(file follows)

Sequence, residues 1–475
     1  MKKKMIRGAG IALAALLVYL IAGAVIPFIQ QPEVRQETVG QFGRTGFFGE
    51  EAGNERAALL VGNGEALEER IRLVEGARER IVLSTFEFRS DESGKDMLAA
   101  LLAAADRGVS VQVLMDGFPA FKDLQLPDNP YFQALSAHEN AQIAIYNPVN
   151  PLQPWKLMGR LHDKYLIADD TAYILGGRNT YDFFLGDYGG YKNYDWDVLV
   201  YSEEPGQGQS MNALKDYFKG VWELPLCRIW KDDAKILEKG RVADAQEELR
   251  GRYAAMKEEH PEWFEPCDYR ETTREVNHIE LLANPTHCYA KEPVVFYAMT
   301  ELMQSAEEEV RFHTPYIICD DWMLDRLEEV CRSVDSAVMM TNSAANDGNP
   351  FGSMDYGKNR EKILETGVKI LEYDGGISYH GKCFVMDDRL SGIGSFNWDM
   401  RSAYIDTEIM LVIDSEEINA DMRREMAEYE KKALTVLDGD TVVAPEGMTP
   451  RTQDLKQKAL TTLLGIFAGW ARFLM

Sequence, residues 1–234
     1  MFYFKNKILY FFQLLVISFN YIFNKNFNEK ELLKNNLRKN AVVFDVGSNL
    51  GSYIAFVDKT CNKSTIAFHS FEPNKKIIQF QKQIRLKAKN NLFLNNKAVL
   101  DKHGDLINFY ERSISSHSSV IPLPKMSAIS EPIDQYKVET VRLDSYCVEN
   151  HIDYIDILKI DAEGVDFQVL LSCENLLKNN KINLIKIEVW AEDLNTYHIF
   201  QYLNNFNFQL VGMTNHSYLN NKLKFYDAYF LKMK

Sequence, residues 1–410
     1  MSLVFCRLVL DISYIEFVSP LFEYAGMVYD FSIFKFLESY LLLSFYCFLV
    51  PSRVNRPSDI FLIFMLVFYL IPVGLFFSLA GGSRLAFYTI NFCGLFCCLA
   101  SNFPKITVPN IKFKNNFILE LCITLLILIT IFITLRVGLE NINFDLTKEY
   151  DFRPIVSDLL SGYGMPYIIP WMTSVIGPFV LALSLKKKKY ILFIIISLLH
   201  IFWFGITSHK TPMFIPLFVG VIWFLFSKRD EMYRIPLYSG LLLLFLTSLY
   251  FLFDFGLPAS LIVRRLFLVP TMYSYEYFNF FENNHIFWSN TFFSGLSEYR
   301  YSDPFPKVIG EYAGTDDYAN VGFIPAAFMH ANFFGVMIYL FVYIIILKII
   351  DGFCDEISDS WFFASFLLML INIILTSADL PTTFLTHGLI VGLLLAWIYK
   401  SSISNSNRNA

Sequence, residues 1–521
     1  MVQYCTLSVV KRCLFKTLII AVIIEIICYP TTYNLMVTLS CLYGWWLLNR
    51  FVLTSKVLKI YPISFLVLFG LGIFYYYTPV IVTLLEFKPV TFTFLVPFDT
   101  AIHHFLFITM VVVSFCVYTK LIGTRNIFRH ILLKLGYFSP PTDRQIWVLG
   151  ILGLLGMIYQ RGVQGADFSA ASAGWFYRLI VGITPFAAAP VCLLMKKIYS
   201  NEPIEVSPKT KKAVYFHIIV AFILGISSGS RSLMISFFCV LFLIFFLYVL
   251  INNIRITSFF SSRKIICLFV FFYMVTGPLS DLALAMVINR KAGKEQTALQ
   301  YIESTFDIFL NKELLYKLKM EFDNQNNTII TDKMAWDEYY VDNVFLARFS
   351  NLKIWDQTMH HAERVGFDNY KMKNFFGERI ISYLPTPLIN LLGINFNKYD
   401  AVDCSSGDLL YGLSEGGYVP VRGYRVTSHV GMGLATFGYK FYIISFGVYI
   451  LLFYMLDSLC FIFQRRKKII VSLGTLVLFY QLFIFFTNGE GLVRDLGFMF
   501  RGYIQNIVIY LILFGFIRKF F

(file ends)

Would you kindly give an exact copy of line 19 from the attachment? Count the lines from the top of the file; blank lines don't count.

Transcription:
     1  MSLVFCRLVL DISYIEFVSP LFEYAGMVYD FSIFKFLESY LLLSFYCFLV